My happiest hour
PROFESSIONS OF FAITH
“Mother and I were very close,” confessed Dr. R. G. Lee. “We lived on a poor farm — so poor that you could hardly raise an umbrella on the place, much less a mortgage. One day the family was in town, except for Mother and me. She was sitting in a rocker on the old porch, knitting. I was lying on the floor, my face in my hands and my heels sticking up in the air. I looked at my Mother’s hands. They were hard and toil worn. I asked her, ‘Mother, tell me about the happiest hour in all your life.’ She told me, but not what I expected.
“I thought she might tell me about the day my Dad, a tall six-footer with dark eyes, spoke the love of his heart to her. But that’s not what she told me. I thought she might tell me about that night when the moon spread over the little old farm and how at the fence gate, he asked her to be his bride. But that’s not what she told me. I thought she might tell me about that hour in the little house on the corner of the farm where she and Dad stood to speak their wedding vows which they kept for 50 years, until his death. But that’s not what she told me either.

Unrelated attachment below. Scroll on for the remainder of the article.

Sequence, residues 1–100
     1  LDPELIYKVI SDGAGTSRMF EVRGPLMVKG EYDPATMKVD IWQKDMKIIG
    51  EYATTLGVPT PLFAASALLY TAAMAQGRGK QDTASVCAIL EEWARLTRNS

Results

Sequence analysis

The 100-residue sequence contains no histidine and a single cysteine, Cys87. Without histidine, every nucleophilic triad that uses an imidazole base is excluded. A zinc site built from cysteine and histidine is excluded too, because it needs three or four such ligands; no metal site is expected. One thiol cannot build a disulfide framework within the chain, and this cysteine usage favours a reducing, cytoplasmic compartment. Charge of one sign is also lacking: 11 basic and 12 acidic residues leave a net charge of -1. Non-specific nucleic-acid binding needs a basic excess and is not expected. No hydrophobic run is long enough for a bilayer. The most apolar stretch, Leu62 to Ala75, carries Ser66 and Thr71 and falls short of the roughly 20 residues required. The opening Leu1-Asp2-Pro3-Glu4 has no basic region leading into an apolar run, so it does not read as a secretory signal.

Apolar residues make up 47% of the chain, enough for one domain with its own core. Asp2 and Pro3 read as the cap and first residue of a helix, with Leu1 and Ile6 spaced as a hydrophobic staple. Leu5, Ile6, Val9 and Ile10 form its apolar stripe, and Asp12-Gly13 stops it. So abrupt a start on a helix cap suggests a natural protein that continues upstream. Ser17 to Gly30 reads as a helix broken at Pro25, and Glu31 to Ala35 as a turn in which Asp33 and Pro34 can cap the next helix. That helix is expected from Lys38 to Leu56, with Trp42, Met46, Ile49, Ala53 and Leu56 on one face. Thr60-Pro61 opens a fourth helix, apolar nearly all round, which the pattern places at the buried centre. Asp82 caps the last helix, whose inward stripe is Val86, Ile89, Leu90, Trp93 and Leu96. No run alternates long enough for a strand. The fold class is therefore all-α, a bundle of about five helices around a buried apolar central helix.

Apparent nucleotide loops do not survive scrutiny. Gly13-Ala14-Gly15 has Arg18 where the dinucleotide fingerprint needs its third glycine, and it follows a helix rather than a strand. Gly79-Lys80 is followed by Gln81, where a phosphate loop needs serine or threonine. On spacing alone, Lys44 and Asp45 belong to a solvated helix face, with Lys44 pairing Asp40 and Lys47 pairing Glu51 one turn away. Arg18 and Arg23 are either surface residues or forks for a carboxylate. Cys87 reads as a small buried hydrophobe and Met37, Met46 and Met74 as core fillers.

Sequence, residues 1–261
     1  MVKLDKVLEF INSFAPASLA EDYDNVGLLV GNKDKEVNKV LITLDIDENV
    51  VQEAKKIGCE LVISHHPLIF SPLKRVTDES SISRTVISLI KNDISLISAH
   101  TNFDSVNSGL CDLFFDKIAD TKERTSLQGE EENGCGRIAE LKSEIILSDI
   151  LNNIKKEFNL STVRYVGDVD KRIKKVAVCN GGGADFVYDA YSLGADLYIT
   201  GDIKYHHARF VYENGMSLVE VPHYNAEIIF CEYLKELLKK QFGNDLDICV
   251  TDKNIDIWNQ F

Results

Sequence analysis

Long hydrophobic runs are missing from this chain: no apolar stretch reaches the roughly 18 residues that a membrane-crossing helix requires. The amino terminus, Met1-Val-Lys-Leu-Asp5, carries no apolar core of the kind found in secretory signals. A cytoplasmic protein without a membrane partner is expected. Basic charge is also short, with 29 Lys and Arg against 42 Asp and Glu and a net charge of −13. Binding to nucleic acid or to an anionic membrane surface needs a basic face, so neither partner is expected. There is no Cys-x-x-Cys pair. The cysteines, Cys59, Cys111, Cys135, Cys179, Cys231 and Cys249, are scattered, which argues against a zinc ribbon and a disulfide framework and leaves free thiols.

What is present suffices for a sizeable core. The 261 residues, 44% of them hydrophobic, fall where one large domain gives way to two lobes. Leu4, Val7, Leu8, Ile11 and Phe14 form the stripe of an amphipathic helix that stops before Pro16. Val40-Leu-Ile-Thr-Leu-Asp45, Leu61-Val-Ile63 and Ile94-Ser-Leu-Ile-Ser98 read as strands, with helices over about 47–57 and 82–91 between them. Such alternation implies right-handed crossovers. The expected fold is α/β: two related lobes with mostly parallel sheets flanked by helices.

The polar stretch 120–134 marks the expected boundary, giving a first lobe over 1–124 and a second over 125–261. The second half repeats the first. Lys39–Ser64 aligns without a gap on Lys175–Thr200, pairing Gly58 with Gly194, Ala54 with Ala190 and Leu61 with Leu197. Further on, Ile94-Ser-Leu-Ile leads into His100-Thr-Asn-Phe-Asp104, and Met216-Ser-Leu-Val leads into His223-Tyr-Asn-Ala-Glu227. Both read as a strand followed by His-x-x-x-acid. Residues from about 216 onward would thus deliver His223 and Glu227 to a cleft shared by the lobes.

“Rather she said, ‘Son, you’ve asked a hard question. The war between the North and the South brought days of heartache and separation. Our salt came from the smokehouse floor, our tea from sassafras leaves and our coffee from grains of corn. The men were all away. My mother, your grandmother, worked alongside all the women.
“The news came that my father, your grandfather Bennett, had been killed in the war. That was the only information we had. Mother didn’t cry at first or much in the day, but at night I could hear her sobbing into her pillow.
“One day we were sitting on the porch of the old river house